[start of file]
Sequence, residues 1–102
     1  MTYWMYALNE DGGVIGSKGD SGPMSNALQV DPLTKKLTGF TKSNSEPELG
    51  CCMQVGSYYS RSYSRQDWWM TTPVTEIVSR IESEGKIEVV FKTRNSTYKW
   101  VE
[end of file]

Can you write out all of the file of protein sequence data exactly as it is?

Sequence, residues 1–102
     1  MTYWMYALNE DGGVIGSKGD SGPMSNALQV DPLTKKLTGF TKSNSEPELG
    51  CCMQVGSYYS RSYSRQDWWM TTPVTEIVSR IESEGKIEVV FKTRNSTYKW
   101  VE